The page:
How To Help Yourself and Others


Protect yourself online!

Only talk to people online that you actually know. Watch out for warning signs of grooming on line. If something feels wrong then make an adult that you know and trust aware of your concerns. Never give out your personal details online or share any kind of images. Never agree to meet someone you have met online. See our list of online app’s that you should be aware of to protect yourself from online grooming.

Stay safe. Protect yourself offline!

Don’t trust people at face value even if they come across as friendly. Sometimes we have to be wary of other people’s intentions to look after ourselves. Always ask yourself what are other people’s motivations to you. Are they saying or doing something because they are genuine or is it for another reason? Talk to someone you trust, especially an adult such as a teacher, if you’re worried about someone’s intentions towards you or your friends.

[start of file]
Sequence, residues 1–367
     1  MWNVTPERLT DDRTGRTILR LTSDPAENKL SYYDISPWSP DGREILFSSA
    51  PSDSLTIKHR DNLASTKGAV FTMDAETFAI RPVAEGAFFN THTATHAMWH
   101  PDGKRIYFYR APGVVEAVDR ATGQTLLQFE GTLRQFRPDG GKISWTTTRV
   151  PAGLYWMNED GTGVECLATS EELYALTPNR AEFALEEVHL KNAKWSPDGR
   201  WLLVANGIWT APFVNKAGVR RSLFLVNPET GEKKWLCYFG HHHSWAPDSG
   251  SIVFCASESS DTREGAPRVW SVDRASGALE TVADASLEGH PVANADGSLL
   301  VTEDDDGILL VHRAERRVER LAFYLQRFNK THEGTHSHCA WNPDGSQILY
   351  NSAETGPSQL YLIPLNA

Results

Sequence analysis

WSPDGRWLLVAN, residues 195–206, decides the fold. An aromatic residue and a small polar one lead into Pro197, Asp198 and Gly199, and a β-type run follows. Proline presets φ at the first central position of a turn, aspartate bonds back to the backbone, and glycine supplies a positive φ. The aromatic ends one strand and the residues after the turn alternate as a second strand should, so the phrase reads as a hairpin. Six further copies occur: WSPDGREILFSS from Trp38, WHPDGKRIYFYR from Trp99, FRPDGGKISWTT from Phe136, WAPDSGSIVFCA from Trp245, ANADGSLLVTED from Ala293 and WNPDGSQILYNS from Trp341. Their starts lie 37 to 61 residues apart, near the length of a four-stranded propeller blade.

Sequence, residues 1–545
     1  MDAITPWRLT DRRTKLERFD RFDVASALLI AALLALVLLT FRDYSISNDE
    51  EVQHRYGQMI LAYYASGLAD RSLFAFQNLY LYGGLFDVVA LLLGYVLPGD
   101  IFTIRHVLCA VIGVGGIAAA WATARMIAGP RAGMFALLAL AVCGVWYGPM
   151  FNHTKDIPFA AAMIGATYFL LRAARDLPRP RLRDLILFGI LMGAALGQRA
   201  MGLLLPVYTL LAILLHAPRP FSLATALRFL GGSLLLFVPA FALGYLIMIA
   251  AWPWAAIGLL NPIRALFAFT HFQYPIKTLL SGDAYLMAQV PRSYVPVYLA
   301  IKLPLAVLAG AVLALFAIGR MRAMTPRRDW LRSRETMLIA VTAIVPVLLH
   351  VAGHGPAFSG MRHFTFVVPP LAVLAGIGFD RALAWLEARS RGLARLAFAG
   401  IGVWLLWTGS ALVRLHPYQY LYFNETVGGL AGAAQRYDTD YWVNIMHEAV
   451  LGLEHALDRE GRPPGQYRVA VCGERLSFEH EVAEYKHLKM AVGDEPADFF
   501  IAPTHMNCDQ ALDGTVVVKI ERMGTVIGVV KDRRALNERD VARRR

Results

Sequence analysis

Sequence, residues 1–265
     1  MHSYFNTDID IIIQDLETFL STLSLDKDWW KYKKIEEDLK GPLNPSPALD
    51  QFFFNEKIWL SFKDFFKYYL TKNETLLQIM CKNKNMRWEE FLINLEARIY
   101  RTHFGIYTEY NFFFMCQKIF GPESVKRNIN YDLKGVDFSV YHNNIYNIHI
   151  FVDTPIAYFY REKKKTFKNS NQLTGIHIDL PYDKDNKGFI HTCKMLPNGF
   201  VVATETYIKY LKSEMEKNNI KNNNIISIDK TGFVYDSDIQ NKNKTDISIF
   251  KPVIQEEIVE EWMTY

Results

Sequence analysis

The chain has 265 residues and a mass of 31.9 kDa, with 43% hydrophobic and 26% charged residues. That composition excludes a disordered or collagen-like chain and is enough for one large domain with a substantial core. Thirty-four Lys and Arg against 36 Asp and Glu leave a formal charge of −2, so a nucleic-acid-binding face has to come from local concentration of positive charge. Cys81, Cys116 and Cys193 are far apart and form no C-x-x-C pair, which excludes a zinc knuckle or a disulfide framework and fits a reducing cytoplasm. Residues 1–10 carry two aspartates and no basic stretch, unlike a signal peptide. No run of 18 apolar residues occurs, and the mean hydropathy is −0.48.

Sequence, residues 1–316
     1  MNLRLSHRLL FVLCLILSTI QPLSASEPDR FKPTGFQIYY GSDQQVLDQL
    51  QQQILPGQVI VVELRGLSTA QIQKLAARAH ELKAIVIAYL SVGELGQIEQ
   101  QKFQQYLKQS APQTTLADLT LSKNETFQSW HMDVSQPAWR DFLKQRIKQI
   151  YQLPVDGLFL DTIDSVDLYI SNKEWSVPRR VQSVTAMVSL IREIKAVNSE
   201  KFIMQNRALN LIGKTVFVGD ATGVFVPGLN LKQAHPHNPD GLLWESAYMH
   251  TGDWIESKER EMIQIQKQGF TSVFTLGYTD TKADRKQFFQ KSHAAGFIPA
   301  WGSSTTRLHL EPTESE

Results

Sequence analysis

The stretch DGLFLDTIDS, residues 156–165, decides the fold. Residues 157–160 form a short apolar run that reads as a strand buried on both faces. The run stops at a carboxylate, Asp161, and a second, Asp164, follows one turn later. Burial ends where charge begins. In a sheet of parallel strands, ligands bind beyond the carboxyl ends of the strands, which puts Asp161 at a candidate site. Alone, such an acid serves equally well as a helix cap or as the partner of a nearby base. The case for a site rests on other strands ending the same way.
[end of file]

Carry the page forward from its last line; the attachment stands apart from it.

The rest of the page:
Get involved in something positive!

If you’re involved in positive activities, hobbies or youth groups and clubs then this is a great way to have real trusting friends and be close to people who will look out for you. Also, it’s a great way to learn from others and develop your own skills and understand more about yourself. These are all protective factors for children and young people as they grow into young adults.  

Don't be tricked, forced or made to feel scared into doing something you don't want to do!

If something feels wrong then trust your instincts. If you’re worried about any sort of situation then speak to parents or carers, a youth worker, a teacher or a social worker about your concerns.

There are services and people that can help.

If you’re worried and need to talk to someone about exploitation then there are people who can help. It’s important to understand that the person you trust with your worries may need to tell others in order to help protect you or someone else.